Sermon delivered at Grace Presbyterian Church, October 27, 2002
Moving the World
It takes a lot of force to do a simple thing like opening a can of paint.
When we use a tool that way its technically called a lever. The screwdriver is the lever and it rests on the edge of the paint can which becomes a fulcrum. When you press down on the long side, it rotates on the fulcrum so that the short side moves upward to lift the lid.
A lever takes a little effort and multiplies it's force. The long side moves farther but with little force needed. The short side moves a shorter distance so all the work is given back in added force. The same principle is used every day to get little jobs done without much thought.
The math of it was worked out over 2000 years ago by a mathematician named Archimedes. He lived in Syracuse, Sicily from 287 BC to 212 BC, more than 200 years before the birth of Jesus Christ. He was also quite a philosopher. He is best known for saying,
He meant that if he had a place to put a fulcrum, even the earth could be moved. Of course there is no fixed place you could rest a long enough lever to actually move the planet. No one would really want to pry the earth out of its orbit anyway.
But he made a very good point that shows where our world is in trouble today. The reason we see so much confusion and uncertainty is that modern thought has no fixed point. By denying there is anything absolutely right and true for all people at all times we have entered an era of moral weakness and ambiguous standards.
We are living in a time where the world needs to be moved. Not to another orbit around the sun, but to another line of thought, belief and behavior.
There have been events that have moved the world into amazingly new directions in the past. Without much thought we could all name some of those earth-changing events.
Our ability to exercise dominion over God's creation as God commanded us in Adam has made some dramatic turns throughout history:
Our moral and spiritual growth has been moved into new directions by God's covenant with man, his revelation to the prophets, the writing of Scripture, and the redemptive work of our Lord Jesus Christ.
The direction of the church has been moved by the conversion of emperors, the printing press, the Reformation and the missionary movements.
We are again in a time where the world needs to be moved into a new direction. But to do so we need a reference point, a fixed place to put the fulcrum. That's what the Reformation principle is all about.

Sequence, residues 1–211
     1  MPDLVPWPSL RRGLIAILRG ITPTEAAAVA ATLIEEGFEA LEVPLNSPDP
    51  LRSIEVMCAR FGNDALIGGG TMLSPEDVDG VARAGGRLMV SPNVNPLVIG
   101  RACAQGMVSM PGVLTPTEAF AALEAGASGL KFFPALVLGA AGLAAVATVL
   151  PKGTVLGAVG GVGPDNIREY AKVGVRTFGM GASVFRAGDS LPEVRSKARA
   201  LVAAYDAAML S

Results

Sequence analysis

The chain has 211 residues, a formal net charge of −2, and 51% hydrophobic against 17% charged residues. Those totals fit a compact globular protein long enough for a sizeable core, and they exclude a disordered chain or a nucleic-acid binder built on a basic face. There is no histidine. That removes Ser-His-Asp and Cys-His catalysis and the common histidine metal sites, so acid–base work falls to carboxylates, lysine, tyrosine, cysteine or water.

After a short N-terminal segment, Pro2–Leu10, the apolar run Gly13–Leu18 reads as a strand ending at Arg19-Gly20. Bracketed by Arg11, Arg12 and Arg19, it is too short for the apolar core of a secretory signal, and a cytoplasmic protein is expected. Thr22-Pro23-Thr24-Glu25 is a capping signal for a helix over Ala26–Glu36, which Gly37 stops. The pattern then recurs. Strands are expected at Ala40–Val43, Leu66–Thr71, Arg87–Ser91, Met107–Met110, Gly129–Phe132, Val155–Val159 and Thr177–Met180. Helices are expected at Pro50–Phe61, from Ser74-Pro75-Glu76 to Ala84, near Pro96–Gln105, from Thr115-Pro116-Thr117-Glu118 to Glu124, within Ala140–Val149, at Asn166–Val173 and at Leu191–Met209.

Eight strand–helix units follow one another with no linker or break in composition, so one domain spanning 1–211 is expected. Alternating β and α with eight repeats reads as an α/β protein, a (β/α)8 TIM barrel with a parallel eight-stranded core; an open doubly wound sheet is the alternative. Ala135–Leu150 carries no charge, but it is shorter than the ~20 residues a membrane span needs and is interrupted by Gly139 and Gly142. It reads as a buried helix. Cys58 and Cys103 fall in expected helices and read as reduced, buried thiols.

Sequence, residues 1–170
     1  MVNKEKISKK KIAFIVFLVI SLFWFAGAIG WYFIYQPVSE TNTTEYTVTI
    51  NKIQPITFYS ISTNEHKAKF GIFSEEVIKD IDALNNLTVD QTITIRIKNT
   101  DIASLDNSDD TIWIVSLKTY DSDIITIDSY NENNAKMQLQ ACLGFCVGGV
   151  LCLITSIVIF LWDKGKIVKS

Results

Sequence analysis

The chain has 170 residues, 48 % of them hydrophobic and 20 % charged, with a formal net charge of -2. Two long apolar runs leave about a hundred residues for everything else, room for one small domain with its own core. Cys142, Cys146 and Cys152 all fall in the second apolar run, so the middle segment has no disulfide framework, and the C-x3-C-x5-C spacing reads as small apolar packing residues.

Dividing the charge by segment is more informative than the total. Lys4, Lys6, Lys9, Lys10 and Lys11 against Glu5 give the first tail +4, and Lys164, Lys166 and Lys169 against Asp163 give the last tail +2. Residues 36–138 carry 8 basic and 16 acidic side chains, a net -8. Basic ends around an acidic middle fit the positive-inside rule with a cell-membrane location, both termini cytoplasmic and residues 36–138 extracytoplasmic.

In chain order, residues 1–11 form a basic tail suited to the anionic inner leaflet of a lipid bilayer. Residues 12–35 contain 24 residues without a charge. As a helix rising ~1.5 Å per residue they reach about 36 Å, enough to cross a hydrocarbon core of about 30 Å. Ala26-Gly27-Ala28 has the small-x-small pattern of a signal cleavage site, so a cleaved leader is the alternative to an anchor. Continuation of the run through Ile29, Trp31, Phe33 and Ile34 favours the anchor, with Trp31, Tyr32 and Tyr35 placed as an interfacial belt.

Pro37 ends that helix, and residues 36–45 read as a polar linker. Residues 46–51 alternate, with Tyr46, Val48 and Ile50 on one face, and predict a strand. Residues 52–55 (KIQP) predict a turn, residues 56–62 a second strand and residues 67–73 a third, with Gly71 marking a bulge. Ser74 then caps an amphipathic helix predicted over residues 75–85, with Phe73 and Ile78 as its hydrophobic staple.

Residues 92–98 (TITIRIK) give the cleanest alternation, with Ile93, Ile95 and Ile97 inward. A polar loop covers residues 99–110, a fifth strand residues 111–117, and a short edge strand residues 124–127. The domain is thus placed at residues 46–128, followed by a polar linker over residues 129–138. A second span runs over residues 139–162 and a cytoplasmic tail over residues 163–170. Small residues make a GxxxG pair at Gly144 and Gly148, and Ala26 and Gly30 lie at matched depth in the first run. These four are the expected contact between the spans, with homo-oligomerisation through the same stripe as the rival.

We who are of the Reformed tradition can change the world. 485 years ago this very week, Martin Luther posted 95 Theses for debate on the door of the Castle Church in Wittenburg. The challenge was to re-examine what was believed and practiced by looking to an absolute and fixed standard, the Bible, God's word.
We live in an age ripe for reformation thinking. Our world is sinking in the confusion of uncertainty, immorality, violence, and covetousness. Where sin is inconvenient, our technology enables people to use their imaginations. They can sin vicariously, virtually, through computer simulations and special effects. There is a tolerance for evil that makes it seem wicked to judge anything as immoral. There is a false intellectualism that mistakes innovation for enlightenment.
But we have a fulcrum, a fixed point. We have a lever that lets our weakness exert a powerful force.
The only unchanging and ever firm foundation is God himself. The nature of the Trinity is the basis of every truth and reality. He is the standard that defines everything and tells how it is designed to be.
The New Testament explains that Jesus is a member of that Trinity:
This One and Only God holds all things together to serve his purposes. This means there really is a distinction between right and wrong, between truth and falsehood. Its not just a matter of our perception of things or personal opinions. There really are things that are right and true in the mind of God.
This is the fulcrum, the absolute fixed point around which everything else turns. If there are to be changes, the One who made and upholds all things must be the foundation. There is no other solid ground on which to find firm and sure footing as we attempt to move the world.
It shouldn't be us against the world. It should be us representing the Almighty God who transforms the world.
The idea that there is such a fixed reality underneath everything challenges the fallen soul and the presumptions of the world. Those who are dead in sin, separated from fellowship with God, try to excuse their guilt and blind themselves to moral law by treating all things as uncertain, depending upon man's present wisdom and views.
But there is under it all a solid rock upon which all else depends.
God hasn't remained hidden and unknowable.
This is the lever.
This is why Bible knowledge is so important. To presume we can change lives or improve our world without it is the utmost of arrogance and foolish pride.
We love that old hymn, How Firm a Foundation which begins with the words,
It's been sung in countless times of worship, and was chosen for the funerals of Theodore Roosevelt, Woodrow Wilson, Robert E. Lee, and others.
The lyrics are based upon the words of the prophet Isaiah in Isaiah 43:1-5 but particularly ...
But there is another element: